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Two female students in front of a flip chart.

Two University students getting to know each other better at the event to launch the U's new Multicultural Leadership Mentoring Program.

Corporations partner to mentor U students

By Pauline Oo

From eNews, December 2004

For University juniors Tamara Moore and Nneka Ikeme, mentoring isn't just about learning how to be successful in their chosen fields. It's about picking up the skills that will someday make them someone's trusted counselor or guide.

Moore and Ikeme were among the 20 participants at the November 29 launch of the U's new Multicultural Leadership Mentoring Program. Housed in the Office of Multicultural and Academic Affairs, this program pairs U students, especially first-generation college students and students from multicultural backgrounds, with employees from Allina Hospitals and Healthcare, Best Buy Corp., and 3M. The kick-off event served as a chance for the students to meet with representatives from the three businesses and to participate in some leadership activities, including charting their career goals on large flip charts and then sharing them with their peers.

According to program coordinator Michelle Tichy-Reese, the mentoring program aims to make students more aware of the different job opportunities available to them and to increase their access to potential employers.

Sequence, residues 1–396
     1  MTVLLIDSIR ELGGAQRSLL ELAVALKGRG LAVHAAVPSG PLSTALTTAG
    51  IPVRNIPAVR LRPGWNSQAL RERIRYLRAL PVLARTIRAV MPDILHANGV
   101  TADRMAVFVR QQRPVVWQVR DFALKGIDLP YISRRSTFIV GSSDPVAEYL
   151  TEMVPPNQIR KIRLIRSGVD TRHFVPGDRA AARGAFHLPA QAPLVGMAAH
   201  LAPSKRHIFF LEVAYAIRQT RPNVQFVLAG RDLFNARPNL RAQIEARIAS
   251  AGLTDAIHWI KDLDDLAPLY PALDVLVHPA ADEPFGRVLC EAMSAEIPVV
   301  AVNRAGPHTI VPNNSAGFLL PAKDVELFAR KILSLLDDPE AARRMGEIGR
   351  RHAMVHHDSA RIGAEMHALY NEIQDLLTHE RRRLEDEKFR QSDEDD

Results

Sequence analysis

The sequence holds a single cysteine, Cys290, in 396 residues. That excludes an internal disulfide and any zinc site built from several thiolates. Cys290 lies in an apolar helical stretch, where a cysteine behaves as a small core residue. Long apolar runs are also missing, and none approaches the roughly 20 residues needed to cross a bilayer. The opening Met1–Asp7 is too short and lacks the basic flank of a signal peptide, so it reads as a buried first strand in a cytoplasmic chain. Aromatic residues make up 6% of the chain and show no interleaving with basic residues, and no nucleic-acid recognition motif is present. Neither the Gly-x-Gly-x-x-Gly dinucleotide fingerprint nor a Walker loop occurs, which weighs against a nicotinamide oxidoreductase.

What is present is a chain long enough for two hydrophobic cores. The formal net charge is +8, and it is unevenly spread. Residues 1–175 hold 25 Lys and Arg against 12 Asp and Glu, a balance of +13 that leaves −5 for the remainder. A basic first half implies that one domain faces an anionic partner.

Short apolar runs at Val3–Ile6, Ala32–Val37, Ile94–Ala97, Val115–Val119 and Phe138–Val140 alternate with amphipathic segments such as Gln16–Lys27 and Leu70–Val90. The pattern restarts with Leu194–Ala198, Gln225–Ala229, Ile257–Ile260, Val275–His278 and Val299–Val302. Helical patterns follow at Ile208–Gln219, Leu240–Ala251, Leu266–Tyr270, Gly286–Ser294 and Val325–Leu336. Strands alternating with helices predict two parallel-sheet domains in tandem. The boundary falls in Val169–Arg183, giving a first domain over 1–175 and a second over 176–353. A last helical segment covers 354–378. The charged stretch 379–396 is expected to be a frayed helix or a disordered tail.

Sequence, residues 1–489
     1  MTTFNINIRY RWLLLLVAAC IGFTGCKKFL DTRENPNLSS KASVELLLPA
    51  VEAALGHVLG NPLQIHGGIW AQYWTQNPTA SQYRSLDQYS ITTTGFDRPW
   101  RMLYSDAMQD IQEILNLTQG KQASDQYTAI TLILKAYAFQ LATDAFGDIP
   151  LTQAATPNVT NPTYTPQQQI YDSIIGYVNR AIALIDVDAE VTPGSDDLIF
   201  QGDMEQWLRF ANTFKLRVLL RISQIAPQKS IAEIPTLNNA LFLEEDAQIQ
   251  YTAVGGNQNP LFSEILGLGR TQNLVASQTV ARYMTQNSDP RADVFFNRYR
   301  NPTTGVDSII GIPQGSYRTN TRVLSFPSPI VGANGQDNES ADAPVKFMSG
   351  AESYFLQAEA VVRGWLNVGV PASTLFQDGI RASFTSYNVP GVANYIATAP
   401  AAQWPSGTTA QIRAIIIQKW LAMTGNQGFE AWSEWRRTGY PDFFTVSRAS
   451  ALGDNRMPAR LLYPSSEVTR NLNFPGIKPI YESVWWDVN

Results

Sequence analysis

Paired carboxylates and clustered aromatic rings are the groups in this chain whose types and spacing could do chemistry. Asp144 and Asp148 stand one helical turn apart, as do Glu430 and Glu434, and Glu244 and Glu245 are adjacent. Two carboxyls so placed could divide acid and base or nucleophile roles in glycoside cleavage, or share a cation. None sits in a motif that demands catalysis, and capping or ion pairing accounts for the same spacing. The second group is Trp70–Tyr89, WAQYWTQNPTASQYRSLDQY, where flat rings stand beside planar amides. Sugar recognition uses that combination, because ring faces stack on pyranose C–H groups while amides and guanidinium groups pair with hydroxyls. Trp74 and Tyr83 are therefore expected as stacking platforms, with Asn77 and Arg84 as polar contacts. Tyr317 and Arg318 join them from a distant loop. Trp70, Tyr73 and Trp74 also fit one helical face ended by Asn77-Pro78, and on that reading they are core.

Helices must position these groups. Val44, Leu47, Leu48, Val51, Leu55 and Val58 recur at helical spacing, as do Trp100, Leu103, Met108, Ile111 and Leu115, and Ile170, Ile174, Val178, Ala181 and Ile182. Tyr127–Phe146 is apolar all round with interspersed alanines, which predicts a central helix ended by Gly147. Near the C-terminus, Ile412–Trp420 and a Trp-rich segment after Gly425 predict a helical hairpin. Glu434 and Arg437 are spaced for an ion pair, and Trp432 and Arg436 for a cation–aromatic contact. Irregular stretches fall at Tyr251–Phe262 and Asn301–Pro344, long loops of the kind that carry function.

"We want them to aspire to be leaders and give them concrete experiences to support [these aspirations]," says Tichy-Reese.

Each of the program's business partners will supply 10 to 20 employees to serve as mentors. The mentors and their charges would then meet monthly at an agreed-upon location to talk about career interests and opportunities.

"This is an opportunity for our leaders to have a positive influence on students who are at a stage in life where they're formulating their values and work habits and deciding on the kinds of companies they might want to work for," says Herschel Herndon, vice president and chief diversity officer at Best Buy. "It's a chance for us to help those students further develop clarity around what they want to do and guide them in building leadership skills and building positive relationships with key people within their community.

"So many times leaders are people in these ivory towers," adds Herndon. "We want to make some of our leaders accessible and have them serve as sounding boards for students in ways that [the students] might not experience if this program didn't exist or until they joined the workforce."

The idea of having leaders develop leaders is certainly a draw of this University mentoring program, says Moore, who has served as mentor to students in middle school and high school through the U's America Reads program.

"I'm going into social work, and I think it's essential to know how to be a leader and how to be a mentor to somebody [in my chosen field]," says Moore, who's majoring in sociology, African American studies, and family violence prevention. "I'm participating in this program because I want to partner up with someone who can help me further my career and who will teach me how to guide someone else."

To learn more about the Multicultural Leadership Mentoring Program, call the Office for Multicultural and Academic Affairs at 612-624-0594.

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